On the other hand, analyses of the macroeconomic benefits of tourism tend to ignore the distribution of those benefits among the parties involved, the capital of the tourist industry, the resident population, and workers. For all these reasons it seems an aberration to keep sustaining, as is, an economic sector that is yielding the worst socioeconomic performance ratios: low salaries, large numbers of temporary jobs, low productivity, low induced impact, few investments, etc. If it were another sector, we would be asking for its reconversion.
In the city, competition for certain resources (for capital, for the work force) becomes difficult to perceive because it falls outside the interests of the industry (and it does not seem to be of interest to public agents either). But the competition for space is evident: competition for vital resources like housing and for public/common facilities like streets and squares. It is aggravated competition because, as what happens in the case of sun-and-beach tourism, the space being competed for is a ‘scarce good,’ limited, almost exclusive, to city centers. Tourist specialization forces the commercializtion of public/common spaces, and also leads to the expulsion of activities that do not produce business profits.
In the same way, the negative external consequences of tourism become more and more evident. For some time now sun-and-beach tourism has been the object of severe criticism because of its contribution to the destruction of habitats, landscapes, and resources, and because of the sheer unsustainability of the processes of unlimited growth. Cities were apparently safe from these negative effects. Tourism in cities seemed an activity that only yielded profits. But this dynamic which Boris Groys describes as the “era of tourist reproduction,” whose principal feature is homogenization (“when a tourist arrives in a new city he ends up seeing the same things he encountered in all the other cities”), has ever more destructive effects on cities, such as specialization or saturation of different spaces, besides its many evident external impacts.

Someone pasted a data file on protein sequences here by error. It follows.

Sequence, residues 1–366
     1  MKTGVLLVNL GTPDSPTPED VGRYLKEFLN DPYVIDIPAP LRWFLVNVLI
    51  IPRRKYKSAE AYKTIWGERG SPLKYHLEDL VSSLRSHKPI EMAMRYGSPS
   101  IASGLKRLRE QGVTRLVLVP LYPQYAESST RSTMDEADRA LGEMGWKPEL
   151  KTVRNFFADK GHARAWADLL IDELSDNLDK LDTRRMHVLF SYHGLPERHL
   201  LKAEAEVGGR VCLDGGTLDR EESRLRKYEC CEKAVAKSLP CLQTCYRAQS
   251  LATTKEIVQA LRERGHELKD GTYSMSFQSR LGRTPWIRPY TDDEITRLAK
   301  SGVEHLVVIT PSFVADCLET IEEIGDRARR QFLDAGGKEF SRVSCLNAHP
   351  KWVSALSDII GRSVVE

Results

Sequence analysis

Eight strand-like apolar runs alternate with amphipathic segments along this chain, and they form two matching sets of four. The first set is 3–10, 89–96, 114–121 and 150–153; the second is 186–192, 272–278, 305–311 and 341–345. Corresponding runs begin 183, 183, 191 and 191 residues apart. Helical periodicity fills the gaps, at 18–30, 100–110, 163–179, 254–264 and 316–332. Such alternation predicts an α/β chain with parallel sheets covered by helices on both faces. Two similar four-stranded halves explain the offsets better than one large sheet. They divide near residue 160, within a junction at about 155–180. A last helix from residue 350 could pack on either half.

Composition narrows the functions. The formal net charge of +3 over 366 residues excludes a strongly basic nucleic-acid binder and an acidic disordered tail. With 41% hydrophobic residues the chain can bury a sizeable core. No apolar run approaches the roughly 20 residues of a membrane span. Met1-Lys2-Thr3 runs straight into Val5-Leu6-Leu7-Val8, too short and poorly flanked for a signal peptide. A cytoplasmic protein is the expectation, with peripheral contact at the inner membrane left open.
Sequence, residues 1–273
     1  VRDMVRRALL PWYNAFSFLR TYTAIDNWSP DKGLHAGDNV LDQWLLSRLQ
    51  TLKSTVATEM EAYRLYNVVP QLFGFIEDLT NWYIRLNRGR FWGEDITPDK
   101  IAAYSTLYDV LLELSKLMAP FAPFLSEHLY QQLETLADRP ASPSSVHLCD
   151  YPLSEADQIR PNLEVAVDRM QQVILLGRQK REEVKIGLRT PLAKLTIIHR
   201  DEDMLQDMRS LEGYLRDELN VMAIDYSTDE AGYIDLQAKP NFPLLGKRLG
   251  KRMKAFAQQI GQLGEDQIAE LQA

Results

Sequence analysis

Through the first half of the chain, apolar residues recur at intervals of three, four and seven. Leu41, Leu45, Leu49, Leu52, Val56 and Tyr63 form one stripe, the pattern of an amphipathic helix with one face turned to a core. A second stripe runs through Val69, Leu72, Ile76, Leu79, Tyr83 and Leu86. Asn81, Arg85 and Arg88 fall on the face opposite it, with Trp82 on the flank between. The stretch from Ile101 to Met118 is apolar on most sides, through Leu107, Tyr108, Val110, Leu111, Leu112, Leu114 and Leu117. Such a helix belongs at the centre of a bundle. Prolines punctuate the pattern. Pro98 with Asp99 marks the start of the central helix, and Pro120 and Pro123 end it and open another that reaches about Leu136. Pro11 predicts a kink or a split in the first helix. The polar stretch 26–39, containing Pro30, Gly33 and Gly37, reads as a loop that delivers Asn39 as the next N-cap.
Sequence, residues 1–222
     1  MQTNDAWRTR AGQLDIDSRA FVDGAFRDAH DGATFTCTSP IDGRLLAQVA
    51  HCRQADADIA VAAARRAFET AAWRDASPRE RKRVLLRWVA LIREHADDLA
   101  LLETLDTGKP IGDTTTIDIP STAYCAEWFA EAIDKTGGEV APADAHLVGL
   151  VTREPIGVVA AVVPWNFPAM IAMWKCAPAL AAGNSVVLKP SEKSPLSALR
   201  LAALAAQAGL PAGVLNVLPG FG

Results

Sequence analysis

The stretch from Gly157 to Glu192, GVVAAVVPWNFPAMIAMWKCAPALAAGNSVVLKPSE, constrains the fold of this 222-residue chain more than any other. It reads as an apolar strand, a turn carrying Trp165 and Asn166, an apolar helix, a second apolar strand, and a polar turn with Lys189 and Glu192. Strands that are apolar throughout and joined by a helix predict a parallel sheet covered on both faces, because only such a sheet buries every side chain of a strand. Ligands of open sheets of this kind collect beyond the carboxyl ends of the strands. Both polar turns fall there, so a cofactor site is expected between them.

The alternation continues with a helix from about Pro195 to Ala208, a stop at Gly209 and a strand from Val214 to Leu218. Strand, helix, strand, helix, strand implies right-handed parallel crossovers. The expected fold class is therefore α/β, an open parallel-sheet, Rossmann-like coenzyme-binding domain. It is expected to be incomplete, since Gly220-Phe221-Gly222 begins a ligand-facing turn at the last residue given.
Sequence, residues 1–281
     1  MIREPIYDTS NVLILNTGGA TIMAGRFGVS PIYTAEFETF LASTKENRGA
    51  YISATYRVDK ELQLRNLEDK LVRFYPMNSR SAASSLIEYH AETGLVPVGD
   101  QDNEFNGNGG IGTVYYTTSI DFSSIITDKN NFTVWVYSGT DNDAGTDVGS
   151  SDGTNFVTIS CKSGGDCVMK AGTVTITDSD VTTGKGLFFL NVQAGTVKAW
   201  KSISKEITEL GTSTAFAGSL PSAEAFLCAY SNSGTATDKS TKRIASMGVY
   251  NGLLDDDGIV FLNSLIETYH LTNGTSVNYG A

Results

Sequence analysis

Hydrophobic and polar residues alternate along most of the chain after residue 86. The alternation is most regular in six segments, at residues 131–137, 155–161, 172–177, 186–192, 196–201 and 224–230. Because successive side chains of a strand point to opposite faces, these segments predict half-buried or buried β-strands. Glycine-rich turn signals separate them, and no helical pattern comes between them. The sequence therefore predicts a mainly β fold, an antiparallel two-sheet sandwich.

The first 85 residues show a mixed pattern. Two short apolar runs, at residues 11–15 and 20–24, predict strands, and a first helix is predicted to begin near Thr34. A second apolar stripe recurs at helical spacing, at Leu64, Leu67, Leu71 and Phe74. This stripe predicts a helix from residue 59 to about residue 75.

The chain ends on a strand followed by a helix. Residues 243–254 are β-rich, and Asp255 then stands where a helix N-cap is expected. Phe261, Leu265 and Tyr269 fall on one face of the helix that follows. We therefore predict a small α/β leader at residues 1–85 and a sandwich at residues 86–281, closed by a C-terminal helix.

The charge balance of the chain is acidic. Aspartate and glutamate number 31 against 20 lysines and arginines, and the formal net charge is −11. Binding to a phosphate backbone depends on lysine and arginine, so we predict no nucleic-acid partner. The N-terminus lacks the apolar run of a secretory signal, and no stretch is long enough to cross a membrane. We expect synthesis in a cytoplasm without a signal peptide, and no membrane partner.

The explosion of tourism in Barcelona (or in cities like Venice or Florence) has in a very patent way revealed the negative effects of this activity: from exodus of the resident population to urban crowding through occupation and mercantilization of public property, noise pollution, or the transfer of revenues to real estate incomes.
The warnings cited have called into question the euphoria about the profits generated by tourism in cities, and we should welcome the measures that have been taken by the ‘new urban governments’ to curb growth, claim back common spaces, or impose specific taxes. Like all truly novel policies, they should be tested and updated in accordance with their impacts.
For beyond the necessary sectorial policies of corporate efficiency and social justice, the question is: would it not be better, in times of scarce resources, for the public effort used in promoting tourism (with the industry making intensive use of all media for this) to be rechaneled towards plans to diminish and rectify its negative effects?
Francisco López Groh, urbanist, wrote La producción del suelo and La regeneración de las áreas industriales.